Lo starts with the main character, Justin – or, as he’s called throughout; Dinner – performing a ritual to summon the demon Lo. The scene is framed and scored very seriously, and the entrance of Lo is plenty dramatic. The creature is first seem crawling out of the darkness, slowly revealing its form – an ashen gray, hairy beast that is essentially one large torso with ruined scraps of legs trailing behind, with a small patch of its skull either missing, or it has a slight touch of harlequin ichthyosis. It is a frightening moment that lasts for about a minute, and then, with a cough, all pretense of seriousness is dropped, and the true nature of the film reveals itself.
The friend that recommended Lo to me summarized it thusly, “A guy summons a demon to get back his girlfriend, and then they dance.” He wasn’t being entirely accurate, but he was honestly recommending it. While initially billed as a horror movie, Lo is far more of a quirky comedy. Or, more accurately, it is one part comedy, one part love story, one part musical, and a few parts community theater. That last bit is not a knock against it; while you can see various stage productions similar in theme to Lo, most tend to be lacking in one very important area: the script. The makeup effects also help. Think of it more as Buff the Vampire Slayer: The Play. While Buffy did take itself seriously, to an extent, it was always aware of what it was, and used its premise to make more than a few sly jokes. The same can be said for Lo.
Lo, as played by Jeremiah Birkett, is all dry humor and sarcasm. Birkett is one of those ‘that-guy’ actors that has been acting in bit parts for over two decades - though he is unrecognizable underneath all of the makeup – and his experience is certainly evident in his timing and delivery. He is one of the reasons why the film works as well as it does. By contrast, Ward Roberts is less experienced, and when compared to Birkett, it shows. His delivery isn’t bad, but it lacks polish. He also looks like the love-child of Bruce Campbell and Marc Heap, and has more than a few moments where he seems to be channeling both actors.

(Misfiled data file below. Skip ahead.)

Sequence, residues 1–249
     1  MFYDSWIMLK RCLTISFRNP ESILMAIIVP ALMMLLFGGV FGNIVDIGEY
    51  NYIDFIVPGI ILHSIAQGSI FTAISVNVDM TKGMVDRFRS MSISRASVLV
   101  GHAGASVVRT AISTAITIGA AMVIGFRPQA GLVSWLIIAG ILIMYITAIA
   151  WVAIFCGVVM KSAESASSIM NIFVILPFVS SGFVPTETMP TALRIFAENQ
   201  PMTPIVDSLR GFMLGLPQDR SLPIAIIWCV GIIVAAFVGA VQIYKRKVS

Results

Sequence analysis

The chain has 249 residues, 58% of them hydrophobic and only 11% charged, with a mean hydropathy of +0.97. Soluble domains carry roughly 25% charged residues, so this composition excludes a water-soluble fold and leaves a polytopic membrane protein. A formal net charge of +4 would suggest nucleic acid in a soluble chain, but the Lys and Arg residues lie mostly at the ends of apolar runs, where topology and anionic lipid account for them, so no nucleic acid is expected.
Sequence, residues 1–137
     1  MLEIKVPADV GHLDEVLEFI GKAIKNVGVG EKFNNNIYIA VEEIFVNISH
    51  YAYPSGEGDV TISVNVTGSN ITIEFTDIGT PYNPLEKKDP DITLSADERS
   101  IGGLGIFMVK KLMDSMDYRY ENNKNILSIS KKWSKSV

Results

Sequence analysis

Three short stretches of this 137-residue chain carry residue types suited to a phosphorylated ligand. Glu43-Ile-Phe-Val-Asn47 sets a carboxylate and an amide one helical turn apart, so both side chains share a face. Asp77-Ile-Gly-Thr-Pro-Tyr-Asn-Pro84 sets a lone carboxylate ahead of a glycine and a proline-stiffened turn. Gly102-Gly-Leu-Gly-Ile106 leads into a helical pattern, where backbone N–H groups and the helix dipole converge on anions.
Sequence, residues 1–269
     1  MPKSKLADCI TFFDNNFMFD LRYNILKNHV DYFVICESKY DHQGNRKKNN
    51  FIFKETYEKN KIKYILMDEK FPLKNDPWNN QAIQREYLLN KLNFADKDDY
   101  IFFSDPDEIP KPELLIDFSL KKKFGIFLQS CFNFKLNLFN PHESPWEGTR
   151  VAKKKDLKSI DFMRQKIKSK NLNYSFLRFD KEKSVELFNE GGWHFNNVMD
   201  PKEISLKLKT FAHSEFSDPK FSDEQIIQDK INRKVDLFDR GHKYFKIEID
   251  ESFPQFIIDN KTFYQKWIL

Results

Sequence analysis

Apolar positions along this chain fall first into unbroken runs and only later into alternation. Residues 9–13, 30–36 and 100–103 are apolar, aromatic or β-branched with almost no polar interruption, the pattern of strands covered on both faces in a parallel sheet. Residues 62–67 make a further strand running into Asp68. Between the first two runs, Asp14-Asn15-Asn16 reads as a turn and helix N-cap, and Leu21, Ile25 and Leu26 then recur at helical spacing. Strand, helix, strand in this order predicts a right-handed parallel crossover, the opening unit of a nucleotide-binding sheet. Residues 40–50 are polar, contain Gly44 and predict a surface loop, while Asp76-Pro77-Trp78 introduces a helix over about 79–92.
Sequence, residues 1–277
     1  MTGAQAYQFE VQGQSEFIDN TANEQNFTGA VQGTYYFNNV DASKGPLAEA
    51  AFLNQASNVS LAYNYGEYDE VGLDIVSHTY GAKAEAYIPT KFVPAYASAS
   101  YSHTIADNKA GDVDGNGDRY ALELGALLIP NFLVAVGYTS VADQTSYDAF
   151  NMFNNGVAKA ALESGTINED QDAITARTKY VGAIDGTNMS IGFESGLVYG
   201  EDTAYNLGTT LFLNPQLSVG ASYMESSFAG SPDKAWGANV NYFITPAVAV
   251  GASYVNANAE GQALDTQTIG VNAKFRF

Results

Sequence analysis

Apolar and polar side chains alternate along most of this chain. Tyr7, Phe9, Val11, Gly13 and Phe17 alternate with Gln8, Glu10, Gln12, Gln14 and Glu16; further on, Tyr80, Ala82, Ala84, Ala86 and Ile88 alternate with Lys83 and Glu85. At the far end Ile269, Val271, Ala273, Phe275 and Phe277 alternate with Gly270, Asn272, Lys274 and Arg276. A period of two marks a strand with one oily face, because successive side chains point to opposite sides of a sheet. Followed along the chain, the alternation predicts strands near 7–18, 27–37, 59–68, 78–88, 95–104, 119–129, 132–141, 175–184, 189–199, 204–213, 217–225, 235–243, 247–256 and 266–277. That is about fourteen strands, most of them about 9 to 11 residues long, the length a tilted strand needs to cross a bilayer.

The script does occasionally drop into camp - like the various song and dance numbers and a first-hand account of the tortures of hell as delivered by a bickering couple from behind a backlit bed sheet – but those moments are done willfully, usually as the setup for a joke, or just as the joke itself. Lo, in essence, is a one room, one act play and writer/director Travis Betz knows it, and uses that to his advantage. Half of the movie is set on a theater stage – if not all of it - with stagehands visibly smoking in the background, and occasionally reaching out to hand off a prop. The bulk of the action takes place on these various stages, and even the main circle, where protagonist Justin sits for the entire movie, looks like it is in the middle of a stage. Apparently there is an actual stage version in the works, which is surprising in that there isn’t already one. That is also one of the charms of the film; there is no reason for a film where the protagonist does little more than sit on the floor for the entire movie to work this well.
There will undoubtedly be a few people who stumble across this film on Netflix while looking for a horror fix, and those people will be disappointed. But those that don’t mind giving the film a brisk 80 minutes will find that there is quite a bit to recommend. It is no wonder that there seems to be a growing bunch of devoted followers on the film’s IMDB page.